AJ: One of the things that I’m seeing that gets me personally really excited about the growth of the game as a whole is there are a lot of sponsors that have been activating on the men’s side that are now switching over and and really showing an interest both in the LPGA and in the Symetra Tour. Tell me a little bit about what you’re seeing with the trends of these sponsors putting some more money and more effort behind the women.

BH: 20 years ago Alyson, when you were running marketing for the PGA Championship at Baltusrol and I was still at MasterCard, it was still a novelty then to have five or six women in a120 person corporate shotgun. Now it’s not. Now you might have 25 women in an outing of 120 people. 

Golf as a participatory sport has gotten much more diverse so that’s been great. Now there was a gap between that and what companies were doing. Some leaders out there, MasterCard and RBC, have always had teams of golfers that represent them both male and female. But the brands that are just coming into it now know it is their responsibility to have female and male athletes to support golf at the grassroots level and to support youth on course. I really think that companies see themselves as really supporting the game as a whole and not just supporting the PGA Tour anymore and the tour’s done a nice job of helping in that effort, certainly from a diversity standpoint.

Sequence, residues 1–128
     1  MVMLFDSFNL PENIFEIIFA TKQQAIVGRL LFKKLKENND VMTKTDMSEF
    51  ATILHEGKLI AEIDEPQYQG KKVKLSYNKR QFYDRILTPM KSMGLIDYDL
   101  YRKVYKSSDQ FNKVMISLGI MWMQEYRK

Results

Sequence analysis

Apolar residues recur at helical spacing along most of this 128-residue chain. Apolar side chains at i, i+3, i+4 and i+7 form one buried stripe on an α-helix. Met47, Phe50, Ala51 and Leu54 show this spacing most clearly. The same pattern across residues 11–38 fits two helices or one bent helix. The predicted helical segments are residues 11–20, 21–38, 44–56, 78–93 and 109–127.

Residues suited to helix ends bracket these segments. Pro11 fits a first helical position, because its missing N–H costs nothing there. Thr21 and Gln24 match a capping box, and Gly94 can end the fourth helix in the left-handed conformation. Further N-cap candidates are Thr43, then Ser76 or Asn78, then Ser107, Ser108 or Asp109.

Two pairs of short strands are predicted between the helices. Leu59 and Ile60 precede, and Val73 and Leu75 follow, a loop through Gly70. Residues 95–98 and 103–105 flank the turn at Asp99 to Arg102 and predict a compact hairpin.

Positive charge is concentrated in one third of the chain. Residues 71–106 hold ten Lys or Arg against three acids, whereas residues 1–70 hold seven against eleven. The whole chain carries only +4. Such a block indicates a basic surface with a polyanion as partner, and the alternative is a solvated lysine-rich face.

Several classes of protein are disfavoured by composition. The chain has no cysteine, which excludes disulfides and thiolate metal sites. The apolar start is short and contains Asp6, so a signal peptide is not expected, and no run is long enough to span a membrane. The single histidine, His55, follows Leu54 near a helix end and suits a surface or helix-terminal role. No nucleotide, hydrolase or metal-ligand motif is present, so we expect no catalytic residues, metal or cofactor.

I’m really happy to see that trend. I was happy to see the comments and announcements and I’m happy to see some of the bigger brands like KPMG and others supporting the game and I am also happy to see the LPGA and the USGA and the RNA taking women’s championships to golf courses that we want to see on TV. It was an absolute pleasure to watch Popov win at Royal Troon.

Key Takeaway: Golf sponsorships are not as simple as just handing a player money to wear your logo. It goes much deeper than that and the importance of finding the correct player for your brand cannot be overlooked. 

Listen to the full interview here to go even further behind the scenes of golf sponsorships and how they come to be!